Tad Ermitaño experiments with interaction and inclusion.
On February 8, the last day of the 2015 edition of Art Fair Philippines, visitors were invited to witness and partake of an unusual harvest, in which it took two grown men to lift a kaong log off its plinth, push it through the parking garage turned gallery halls, and out to the decks, where a chainsaw was waiting next to a grill. Because it could only get stranger, the afternoon was spent sawing and hacking away at the wood, before rummaging through the core which, until then, had been a nest of kuok, or beetle larvae. The kuok were then fried and shared with willing guests, turning live grubs to savory grub, as affirmed by the few who delightedly proclaimed that what had once been a wriggling mess actually tasted “just like bacon!”
This concluded “Uwang,” an installation by Tad Ermitaño in a section of the fair curated by Esquire editor Erwin Romulo. A graduate of the Philippine Science High School, Ermitaño studied Zoology at the University of Hiroshima then went on to receive a Bachelor’s degree in Philosophy from the University of the Philippines: arguably a full education in what he calls the “wet, messy, and smelly” business of making life, and an atypical route to the even messier world of contemporary art. Yet, if anything, Ermitaño’s body of work thus far illustrates not a division, but a porousness of borders between the sciences and the humanities.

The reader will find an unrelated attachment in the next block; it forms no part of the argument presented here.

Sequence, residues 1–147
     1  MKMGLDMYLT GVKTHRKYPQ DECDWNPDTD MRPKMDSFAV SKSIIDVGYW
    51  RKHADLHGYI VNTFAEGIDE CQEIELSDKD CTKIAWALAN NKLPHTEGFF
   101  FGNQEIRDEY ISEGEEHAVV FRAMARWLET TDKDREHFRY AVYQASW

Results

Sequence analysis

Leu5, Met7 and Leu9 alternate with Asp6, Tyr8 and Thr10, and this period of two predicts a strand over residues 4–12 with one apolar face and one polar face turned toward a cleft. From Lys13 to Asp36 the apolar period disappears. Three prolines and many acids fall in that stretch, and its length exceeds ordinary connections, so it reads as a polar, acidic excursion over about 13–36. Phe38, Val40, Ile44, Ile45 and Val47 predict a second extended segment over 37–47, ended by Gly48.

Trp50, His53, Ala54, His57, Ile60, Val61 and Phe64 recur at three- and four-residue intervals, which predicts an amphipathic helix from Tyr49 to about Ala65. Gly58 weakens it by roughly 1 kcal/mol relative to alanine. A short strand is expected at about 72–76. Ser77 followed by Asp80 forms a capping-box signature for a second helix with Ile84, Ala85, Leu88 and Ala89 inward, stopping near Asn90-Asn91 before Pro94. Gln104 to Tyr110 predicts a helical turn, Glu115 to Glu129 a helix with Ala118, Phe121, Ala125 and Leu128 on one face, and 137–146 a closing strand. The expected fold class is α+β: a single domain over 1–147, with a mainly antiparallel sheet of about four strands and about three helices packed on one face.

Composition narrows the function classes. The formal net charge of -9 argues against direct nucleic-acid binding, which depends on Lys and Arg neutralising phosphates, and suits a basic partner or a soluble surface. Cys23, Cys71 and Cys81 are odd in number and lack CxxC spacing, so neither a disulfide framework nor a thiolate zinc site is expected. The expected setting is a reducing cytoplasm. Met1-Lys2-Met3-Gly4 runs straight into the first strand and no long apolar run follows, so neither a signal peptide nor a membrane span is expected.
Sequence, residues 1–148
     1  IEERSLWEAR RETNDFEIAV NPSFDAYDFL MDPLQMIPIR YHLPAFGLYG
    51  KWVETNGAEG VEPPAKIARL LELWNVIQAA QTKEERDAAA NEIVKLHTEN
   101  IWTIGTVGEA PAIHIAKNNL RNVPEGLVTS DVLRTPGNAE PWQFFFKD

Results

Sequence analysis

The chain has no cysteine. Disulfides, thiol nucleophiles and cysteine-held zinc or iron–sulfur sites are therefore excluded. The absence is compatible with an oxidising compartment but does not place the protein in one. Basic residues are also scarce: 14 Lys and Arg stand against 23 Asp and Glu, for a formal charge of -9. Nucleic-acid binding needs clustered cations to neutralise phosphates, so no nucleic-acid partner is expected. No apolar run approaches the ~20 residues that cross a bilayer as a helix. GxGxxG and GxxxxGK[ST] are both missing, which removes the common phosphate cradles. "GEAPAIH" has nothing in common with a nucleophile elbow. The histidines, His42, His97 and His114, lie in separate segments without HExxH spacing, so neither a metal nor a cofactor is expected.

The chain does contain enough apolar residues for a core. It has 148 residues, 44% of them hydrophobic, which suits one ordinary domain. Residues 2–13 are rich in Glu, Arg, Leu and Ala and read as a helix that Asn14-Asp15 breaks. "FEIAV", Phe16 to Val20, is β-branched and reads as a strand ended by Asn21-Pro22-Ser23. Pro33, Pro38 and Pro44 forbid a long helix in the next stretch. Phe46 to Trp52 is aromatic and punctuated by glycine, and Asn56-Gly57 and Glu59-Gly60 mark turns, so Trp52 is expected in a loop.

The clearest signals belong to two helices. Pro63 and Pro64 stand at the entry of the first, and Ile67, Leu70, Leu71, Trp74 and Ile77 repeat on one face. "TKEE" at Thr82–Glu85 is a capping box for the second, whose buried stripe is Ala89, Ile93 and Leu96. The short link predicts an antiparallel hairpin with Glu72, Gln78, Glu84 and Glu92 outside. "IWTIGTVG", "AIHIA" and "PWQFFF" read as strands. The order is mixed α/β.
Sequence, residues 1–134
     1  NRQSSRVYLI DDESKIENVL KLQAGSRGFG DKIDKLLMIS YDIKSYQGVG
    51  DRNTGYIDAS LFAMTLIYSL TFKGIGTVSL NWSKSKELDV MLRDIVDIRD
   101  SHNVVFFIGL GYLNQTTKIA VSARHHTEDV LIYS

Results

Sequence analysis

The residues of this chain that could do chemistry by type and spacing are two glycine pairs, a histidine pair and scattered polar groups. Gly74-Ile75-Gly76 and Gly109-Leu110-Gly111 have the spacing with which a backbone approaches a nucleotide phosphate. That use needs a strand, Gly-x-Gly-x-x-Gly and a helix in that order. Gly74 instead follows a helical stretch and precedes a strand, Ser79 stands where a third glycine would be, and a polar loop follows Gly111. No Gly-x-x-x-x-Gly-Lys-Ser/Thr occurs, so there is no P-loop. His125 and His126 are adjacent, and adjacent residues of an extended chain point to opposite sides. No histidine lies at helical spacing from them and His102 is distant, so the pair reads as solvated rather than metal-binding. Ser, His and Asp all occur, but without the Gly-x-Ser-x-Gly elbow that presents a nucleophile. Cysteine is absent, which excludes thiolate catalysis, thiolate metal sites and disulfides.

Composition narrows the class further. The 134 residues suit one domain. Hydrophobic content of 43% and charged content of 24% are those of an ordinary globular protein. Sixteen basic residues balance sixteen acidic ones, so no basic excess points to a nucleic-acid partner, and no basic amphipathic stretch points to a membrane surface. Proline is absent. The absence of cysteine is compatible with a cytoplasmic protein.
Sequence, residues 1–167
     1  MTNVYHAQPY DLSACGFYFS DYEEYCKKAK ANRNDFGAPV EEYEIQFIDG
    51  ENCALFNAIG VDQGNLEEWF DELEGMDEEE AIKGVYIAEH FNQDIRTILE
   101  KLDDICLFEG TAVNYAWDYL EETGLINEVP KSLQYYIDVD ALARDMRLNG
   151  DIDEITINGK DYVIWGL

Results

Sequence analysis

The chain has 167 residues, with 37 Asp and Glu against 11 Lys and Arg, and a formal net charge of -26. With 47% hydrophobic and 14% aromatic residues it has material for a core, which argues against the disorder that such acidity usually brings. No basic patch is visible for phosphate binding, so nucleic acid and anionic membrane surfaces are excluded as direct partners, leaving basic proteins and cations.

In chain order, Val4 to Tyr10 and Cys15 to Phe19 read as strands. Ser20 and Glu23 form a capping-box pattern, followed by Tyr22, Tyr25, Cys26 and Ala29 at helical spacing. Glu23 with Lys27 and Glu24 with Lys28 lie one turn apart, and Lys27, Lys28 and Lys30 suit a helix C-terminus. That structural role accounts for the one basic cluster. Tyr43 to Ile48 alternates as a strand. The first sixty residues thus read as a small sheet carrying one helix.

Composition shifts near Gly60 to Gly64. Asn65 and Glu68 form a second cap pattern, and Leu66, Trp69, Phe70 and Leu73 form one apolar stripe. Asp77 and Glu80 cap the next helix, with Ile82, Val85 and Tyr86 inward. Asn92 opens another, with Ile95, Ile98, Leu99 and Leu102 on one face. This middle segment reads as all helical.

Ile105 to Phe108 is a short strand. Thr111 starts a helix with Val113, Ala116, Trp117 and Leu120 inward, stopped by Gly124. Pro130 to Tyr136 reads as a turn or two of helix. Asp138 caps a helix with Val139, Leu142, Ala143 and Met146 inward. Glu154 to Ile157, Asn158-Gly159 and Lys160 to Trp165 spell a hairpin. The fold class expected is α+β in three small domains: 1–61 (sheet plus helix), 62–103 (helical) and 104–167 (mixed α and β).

Take “Uwang”: named for the “Coconut Beetle” (in the dialect of Luisiana, Laguna), this two-part installation consisted of both material components and an interactive computer program. In the darkened room where the kaong log was displayed, Ermitaño could usually be found standing by, telling guests to wear a headset and scribble lines on a graphics tablet with an electronic pencil. While listening to the chirping and crunching noises made inside the log, every scribble was not only a means to visualize the kuok, but to create new sounds, fully complementing this otherwise unseen orchestra.
“The tree, the insect, its larvae, and humans are tangled in a cyclic web of eating and reproduction,” wrote Ermitaño in his blog, cavemanifesto. Returning to the web woven at Art Fair, it’s not hard to see how successfully he ensnared visitors into a fuller experience of his subject, by taking them beyond a recreation of the cave-like dwelling of the kuok, towards a playful call-and-response that would (or could only) end with cooking and eating.
Read the full article inside Art+ issue 38.